Sunday, October 14, 2012

Gale's Gallery VII: Art Anyone Can Create--Scarves

Hello Arts 'N Crafters!

I do apologize for a) that I haven't posted any craft pieces lately-- usually involves taking pictures and thinking instead of my normal rambling verbiage... b) if you aren't into making scarves I think you'll want to browse the 77 other posts for now...sorry to disappoint!

However, lots of you have read the other Gale's Galleries, so I will continue as I have many projects left in my "art arsenal."

Today we will knit a super simple scarf that my yoga instructor and friend Bonnie showed me.  If however, you feel you would just like one and not make it, please let me know and I will give you her contact info as she makes them to sell in a variety of colors.  Bonnie could make a killing if we could only find scarlet and gray yarn!  They have one, but it has black and white in it.... but I digress.

First, the yarn.  At first glance this looks like a nightmare to work with.  It isn't the fastest, but it is doable.  The key is to get it separated beforehand.  It will pop back somewhat, but I chose to wind it on a leftover remote (Finally!  A use for the dozen that sit around!  It just happened to be handy, anything will work.)  There are many types of yarn for this, but I've tried Red Heart Boutique Sashay.  It requires size 9 needles.  (I hate working with long metal ones, they are cumbersome and slippery.  For easiest results, I got bamboo circular needles and just kept flipping it.  That way the project is safely stored on the loop when not in use.)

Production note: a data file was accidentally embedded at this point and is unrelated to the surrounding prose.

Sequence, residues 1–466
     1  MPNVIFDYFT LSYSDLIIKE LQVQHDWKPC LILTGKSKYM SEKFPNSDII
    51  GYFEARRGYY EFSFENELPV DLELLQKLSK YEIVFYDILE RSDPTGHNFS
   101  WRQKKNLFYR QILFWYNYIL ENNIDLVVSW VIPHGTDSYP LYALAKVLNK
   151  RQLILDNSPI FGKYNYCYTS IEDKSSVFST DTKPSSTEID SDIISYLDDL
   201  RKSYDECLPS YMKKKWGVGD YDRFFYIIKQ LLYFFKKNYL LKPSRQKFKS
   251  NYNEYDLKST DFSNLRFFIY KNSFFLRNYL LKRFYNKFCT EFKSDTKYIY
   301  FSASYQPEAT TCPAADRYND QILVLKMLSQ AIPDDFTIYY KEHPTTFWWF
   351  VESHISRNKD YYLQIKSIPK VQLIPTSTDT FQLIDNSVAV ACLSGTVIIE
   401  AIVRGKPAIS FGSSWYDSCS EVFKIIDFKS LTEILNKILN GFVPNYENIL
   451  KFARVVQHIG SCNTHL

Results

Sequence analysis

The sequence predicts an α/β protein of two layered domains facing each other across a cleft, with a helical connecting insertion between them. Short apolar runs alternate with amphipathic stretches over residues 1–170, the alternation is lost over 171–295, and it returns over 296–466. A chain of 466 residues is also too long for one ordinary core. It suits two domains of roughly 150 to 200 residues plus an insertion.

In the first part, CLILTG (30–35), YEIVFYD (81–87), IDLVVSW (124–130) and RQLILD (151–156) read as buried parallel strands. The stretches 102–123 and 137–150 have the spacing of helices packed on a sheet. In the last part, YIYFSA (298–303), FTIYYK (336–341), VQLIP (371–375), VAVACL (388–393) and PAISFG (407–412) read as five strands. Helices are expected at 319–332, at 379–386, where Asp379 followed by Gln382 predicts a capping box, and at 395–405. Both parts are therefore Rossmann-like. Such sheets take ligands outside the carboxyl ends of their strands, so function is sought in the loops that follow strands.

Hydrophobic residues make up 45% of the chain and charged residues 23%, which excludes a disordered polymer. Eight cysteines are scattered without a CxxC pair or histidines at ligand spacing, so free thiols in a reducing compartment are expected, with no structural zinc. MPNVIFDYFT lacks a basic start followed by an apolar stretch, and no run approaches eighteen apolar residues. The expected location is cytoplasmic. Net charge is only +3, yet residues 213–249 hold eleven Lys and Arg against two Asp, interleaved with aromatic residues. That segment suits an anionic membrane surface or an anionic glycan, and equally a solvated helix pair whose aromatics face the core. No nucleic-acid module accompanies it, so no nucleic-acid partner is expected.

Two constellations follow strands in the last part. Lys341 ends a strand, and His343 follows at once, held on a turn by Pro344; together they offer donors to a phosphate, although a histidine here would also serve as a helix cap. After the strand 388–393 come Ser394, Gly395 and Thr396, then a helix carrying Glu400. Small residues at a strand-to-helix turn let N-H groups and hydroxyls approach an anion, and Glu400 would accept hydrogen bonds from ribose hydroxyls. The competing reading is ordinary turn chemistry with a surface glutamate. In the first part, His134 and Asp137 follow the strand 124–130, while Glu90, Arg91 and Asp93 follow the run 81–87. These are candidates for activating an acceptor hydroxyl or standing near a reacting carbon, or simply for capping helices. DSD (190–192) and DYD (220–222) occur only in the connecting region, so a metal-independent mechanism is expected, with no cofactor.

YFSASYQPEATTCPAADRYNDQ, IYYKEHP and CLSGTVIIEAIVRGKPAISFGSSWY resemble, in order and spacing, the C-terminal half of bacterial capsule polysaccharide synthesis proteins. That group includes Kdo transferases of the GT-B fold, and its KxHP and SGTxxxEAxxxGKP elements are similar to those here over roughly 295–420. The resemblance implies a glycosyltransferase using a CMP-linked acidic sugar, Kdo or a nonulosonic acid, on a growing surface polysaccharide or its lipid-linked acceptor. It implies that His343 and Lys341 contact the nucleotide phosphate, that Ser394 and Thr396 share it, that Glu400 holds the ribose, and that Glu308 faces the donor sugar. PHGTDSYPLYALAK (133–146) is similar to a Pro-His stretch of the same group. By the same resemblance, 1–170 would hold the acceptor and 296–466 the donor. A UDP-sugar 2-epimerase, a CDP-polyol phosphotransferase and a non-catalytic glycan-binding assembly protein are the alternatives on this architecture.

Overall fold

Leaving a 5 inch tail, you cast on 6 to 10 stitches, depending on how wide you want the finished project.  You can make a scarf a skein if you go 6.  You don't even really have to cast on, just run your needle through 6 holes.

Knit into the top row of stitches in the yarn.  It doesn't matter if it's not always in the same spot as you won't see it anyway.  Keep stretching out the yarn as you go to make it easier.  This is easy straight knitting, but kinda slow going because of the yarn bunching up.

Below are steps of what the yarn looks like to help visualize the technique:

The original skein of Red Heart Sashay yarn found at least at Jo-Ann's and Michael's.

What it looks like unfurled.

This one I used metal circular needles, but stitches kept slipping.  From now on, I will only use bamboo or those rubbery "baleen" needles.

Almost done!

Keep going until you are about 10 inches from the end, then cast off leaving about 5 inches left of a tail.

I chose to skip the sewing part on the ends, because the knit is so loose it looked like it would be a pain and might not hold.  So, I knotted each end then sealed with "Fray Check" liquid fabric glue after I cut off any excess.  Since the ends are covered by the lace, you can't see it and it will hold forever.

I actually got a bright idea to try and stretch the yarn width-wise before knitting it by putting in on a "bobbin."  Since there were several old remotes nearby, I wound the yarn on one.  Humorously, folks thought I had used my current DirectTv remote and panicked!  Like I would do that (at least on purpose????)


So enjoy sitting in front of the TV and knitting these quick little fun scarves!

Until next time,

Gale


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